Edward Cella Art & Architecture is proud to present Kendell Carter: Marvel, an exhibition of cast paintings, sculpture, installation, and guided meditation by Kendell Carter. Carter's sustained commitment to observing and exploring race, gender, history, and consumer culture manifests in a studio practice that pushes beyond that of a black artist making art about politics, and towards one that acknowledges the rapidly integrating nature of today's visual culture.

Marvel will present site-specific installations of new works. One installation, entitled Cranes for Solange includes an authentic restroom sign from the "Jim Crow era" of American history. Pairs of used white jeans are suspended from inverted shelf brackets, each pair locked with the simple combination lock code "sick," and a lightbox mirrors the restroom sign. Another installation will include a gold-plated sewing machine on a custom marble plinth, a 19th century quilt found in Alabama, and a pile of used garments. A massive wall installation will be comprised of a new series of cast paintings which act as visual manifestations of Carter's meditative process. These works inherit the subtle impressions of the ground they were poured on, as well as intricate, organic textures in the aerosol of Carter's iconic "LOVE" graffiti. Carter's masterfully orchestrated installations connect scale, form, texture, and surface with contemporary socio-cultural realities and historically rooted gestures.

The gallery floor will feature a large cast latex sculpture which will serve as a mat for a series of meditations on the police shooting of Keith Lamont Scott, and weakening protections for the LGBT community of North Carolina. These meditations will be guided by licensed practitioners T. Dorje Immanuel, Andrea Yarbrough-Morris, and Mackala Lacy. The public is invited to participate in these guided meditations on March 25, 2017 at 2pm.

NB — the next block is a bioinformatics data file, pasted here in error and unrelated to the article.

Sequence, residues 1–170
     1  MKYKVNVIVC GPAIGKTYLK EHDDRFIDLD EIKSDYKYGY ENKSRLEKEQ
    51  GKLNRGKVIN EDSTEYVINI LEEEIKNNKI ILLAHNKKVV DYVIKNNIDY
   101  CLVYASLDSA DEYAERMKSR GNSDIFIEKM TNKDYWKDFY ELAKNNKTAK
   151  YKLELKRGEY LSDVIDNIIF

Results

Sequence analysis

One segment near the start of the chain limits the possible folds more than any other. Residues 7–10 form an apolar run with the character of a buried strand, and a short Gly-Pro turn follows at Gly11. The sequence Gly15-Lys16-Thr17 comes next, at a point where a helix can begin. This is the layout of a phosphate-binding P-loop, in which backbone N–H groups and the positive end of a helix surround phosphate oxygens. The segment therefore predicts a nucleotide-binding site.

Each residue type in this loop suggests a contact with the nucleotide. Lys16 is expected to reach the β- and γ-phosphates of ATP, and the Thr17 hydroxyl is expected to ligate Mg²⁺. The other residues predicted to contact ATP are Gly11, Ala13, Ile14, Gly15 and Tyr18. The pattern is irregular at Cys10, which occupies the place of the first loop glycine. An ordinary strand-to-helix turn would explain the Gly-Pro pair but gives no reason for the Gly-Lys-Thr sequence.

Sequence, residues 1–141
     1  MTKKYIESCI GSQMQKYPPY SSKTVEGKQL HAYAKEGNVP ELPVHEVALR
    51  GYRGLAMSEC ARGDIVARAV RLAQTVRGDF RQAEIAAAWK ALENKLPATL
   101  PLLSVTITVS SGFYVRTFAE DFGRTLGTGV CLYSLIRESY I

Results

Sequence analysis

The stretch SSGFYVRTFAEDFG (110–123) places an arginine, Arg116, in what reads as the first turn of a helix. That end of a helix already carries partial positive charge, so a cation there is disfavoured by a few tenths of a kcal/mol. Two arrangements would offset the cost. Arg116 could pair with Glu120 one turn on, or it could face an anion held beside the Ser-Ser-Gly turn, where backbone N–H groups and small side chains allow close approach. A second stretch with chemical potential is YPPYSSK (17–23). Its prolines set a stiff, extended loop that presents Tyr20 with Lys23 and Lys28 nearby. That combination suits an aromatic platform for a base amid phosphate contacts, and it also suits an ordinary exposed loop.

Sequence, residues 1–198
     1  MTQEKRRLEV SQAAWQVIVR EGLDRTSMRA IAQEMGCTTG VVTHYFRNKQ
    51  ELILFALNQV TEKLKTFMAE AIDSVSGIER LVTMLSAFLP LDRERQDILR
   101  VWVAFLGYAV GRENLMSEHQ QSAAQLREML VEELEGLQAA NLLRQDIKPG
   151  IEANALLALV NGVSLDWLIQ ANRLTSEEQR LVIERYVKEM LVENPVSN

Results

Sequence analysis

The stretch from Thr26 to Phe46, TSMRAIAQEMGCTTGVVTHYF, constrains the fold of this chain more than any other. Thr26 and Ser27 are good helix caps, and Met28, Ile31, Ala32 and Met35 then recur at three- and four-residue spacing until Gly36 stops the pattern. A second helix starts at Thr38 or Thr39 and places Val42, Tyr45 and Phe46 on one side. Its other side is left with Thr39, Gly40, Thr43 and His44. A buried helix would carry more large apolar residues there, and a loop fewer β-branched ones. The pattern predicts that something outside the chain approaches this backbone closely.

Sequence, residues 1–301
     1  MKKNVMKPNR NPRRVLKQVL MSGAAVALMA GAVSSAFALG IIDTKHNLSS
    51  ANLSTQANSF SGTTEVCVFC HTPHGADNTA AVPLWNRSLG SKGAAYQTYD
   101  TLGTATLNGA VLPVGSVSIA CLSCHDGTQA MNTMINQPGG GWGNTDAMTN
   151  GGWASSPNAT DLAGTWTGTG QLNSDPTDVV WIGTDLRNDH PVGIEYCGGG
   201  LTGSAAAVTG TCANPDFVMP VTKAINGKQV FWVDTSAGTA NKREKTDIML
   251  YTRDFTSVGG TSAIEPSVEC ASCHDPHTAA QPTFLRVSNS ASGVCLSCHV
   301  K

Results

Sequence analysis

A gallery conversation with Kendell Carter and curator Dr. Jill Moniz will take place on April 8, 2017 at 4pm. Dr. Moniz has worked on engagement programs at the Museum of Latin American Art in Long Beach, California and is the former Head Curator at the California African American Museum in Exposition Park in Los Angeles. From 2009-2012 she was curator for the Dr. and Mrs. Leon O. Banks Collection of Contemporary Art, and is a founder of Transformative Arts which leads initiatives around Los Angeles.

Kendell Carter was trained as a sculptor and as an environmental designer and holds a BFA from The Atlanta College of Art, Atlanta, GA, and a BA in Environmental Design from Art Center College of Design. He received his MFA from California State University, Long Beach.

Carter's multidisciplinary practice that includes painting, sculpture, installation, performance, and design bridges the gap between art and life. His environments explore where and how parallel traditions in culture can be utilized for artistic and social revolutions.

Carter has had solo exhibitions at the UCLA Hammer Museum, Los Angeles, CA; Edward Cella Art & Architecture, Los Angeles, CA; Monique Meloche, Chicago, IL; The Museum of Latin American Art, Long Beach, CA; Savannah College of Art and Design, Savannah, GA and Mark Moore Gallery, Culver City, CA. Group exhibitions include the California African American Museum, Los Angeles, CA; Krannert Art Museum, Champagne, IL; Palm Springs Art Museum, Palm Springs, CA and Laguna Art Museum, Laguna Beach, CA. In 2012 he received a Andy Warhol Foundation Fellowship and his work is included in such public collections as Fundacao Sindika Dokolo, Luanda, Angola; Laguna Art Museum, Laguna Beach, CA; Museum of Contemporary Art, San Diego, CA; and SCAD Museum of Art, Savannah, GA.